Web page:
Facebook’s had a rough few weeks after the public learned just how much data the social network can collect about users and how said data may have been used without consent by Facebook apps developers. It all started with reports detailing Cambridge Analytica’s user data harvesting practices that forced Facebook to deal with a major privacy PR nightmare.

The company is trying to appear as it’s ready to make critical changes to the way its business operates, in an attempt to regain the trust of the consumers. New privacy-management tools that would have arrived anyway in light of the looming GDPR regulations in Europe, and an acknowledgment that user privacy is important, seem to be at the core of Facebook’s apology tour.

But the company will keep collecting data about you as long as you’re on the free version. A subscription-based paid version of Facebook might be in the works.

Facebook has been conducting market research in recent weeks to determine whether an ad-free subscription version would convince more people to sign up, but there’s nothing official on the matter.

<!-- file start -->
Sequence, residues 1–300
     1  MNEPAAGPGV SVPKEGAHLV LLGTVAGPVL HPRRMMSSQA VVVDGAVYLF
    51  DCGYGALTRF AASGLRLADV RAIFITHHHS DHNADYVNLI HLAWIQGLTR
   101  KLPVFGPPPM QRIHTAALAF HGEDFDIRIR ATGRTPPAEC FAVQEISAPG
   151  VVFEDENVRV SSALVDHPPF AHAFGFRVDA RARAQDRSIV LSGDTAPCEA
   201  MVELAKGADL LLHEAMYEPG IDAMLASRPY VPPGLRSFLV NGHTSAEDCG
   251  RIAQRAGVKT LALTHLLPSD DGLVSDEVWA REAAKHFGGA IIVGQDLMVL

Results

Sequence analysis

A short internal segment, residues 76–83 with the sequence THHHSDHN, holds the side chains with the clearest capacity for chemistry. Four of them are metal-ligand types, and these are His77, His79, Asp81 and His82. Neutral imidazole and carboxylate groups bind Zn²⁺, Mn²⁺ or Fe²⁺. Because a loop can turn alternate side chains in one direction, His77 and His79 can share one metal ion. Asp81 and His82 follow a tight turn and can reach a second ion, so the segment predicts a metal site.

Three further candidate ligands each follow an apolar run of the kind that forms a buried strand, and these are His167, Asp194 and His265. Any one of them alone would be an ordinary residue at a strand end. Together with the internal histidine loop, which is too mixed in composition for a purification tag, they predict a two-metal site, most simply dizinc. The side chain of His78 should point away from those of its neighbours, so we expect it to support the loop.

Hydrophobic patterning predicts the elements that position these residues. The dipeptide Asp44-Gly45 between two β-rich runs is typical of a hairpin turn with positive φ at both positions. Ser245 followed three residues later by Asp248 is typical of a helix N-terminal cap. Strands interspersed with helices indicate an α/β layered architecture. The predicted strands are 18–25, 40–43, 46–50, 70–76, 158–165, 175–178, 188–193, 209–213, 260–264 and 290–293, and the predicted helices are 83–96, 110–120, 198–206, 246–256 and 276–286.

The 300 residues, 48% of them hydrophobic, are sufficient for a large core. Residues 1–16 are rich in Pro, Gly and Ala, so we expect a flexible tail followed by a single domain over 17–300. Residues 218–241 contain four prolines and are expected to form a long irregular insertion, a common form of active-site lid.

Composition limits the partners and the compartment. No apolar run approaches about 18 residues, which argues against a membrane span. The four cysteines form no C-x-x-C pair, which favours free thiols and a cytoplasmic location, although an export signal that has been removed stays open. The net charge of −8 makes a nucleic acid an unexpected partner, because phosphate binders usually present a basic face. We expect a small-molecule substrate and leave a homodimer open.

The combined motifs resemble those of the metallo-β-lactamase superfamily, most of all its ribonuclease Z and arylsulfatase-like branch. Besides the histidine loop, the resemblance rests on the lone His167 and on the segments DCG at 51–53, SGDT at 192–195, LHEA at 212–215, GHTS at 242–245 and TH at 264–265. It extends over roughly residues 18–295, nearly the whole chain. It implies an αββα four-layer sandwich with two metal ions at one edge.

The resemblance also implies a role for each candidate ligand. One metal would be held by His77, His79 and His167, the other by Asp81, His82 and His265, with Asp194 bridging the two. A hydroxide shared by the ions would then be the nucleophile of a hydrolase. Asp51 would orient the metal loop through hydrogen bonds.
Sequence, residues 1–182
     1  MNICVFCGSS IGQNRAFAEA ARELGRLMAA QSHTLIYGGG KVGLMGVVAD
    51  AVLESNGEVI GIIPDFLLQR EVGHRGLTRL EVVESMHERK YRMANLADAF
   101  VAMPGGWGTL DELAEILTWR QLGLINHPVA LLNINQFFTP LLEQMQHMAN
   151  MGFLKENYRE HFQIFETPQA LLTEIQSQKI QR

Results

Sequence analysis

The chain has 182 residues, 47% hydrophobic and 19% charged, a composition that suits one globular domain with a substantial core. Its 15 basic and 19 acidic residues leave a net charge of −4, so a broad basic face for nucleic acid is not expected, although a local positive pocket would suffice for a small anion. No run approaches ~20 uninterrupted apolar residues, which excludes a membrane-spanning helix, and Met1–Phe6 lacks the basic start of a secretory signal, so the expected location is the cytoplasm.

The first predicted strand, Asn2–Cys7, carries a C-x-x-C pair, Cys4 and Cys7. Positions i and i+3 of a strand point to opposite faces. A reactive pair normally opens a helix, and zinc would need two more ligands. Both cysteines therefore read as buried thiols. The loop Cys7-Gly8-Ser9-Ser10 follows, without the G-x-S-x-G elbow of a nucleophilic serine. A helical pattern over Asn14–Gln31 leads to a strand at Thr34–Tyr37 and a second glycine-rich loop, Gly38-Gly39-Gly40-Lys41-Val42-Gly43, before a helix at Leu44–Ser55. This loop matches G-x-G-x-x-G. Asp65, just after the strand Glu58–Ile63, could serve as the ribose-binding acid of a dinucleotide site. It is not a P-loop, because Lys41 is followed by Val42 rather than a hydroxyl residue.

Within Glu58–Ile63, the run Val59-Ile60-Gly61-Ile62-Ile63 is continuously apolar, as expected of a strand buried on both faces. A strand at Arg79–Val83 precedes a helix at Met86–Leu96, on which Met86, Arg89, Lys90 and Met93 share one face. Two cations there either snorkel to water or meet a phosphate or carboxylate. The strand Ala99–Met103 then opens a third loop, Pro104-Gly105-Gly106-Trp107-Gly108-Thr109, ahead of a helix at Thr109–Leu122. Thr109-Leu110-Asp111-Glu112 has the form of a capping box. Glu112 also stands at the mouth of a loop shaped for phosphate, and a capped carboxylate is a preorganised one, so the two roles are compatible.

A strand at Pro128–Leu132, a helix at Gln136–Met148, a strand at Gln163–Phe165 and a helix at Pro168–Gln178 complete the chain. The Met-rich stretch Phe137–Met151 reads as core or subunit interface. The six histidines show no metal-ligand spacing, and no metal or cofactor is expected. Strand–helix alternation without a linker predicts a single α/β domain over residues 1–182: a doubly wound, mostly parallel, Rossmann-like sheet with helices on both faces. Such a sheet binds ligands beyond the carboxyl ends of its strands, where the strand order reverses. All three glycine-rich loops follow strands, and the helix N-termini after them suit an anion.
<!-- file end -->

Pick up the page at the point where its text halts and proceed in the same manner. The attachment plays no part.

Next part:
According to Bloomberg, Facebook toyed with the idea in the past, but there’s more internal momentum following the recent privacy scandal.

Facebook execs including CEO Mark Zuckerberg and COO Sheryl Sandberg seem to be open to the idea.

“We certainly thought about lots of other forms of monetization including subscriptions, and we’ll always continue to consider everything,” Sandberg said during the first quarter earnings call.

Before that, Zuckerberg told Congress last month that “there will always be a version of Facebook that is free.” Given that there’s no paid Facebook version, his remarks seemed strange at the time. That’s unless the market research Bloomberg unearthed was already underway at the time.

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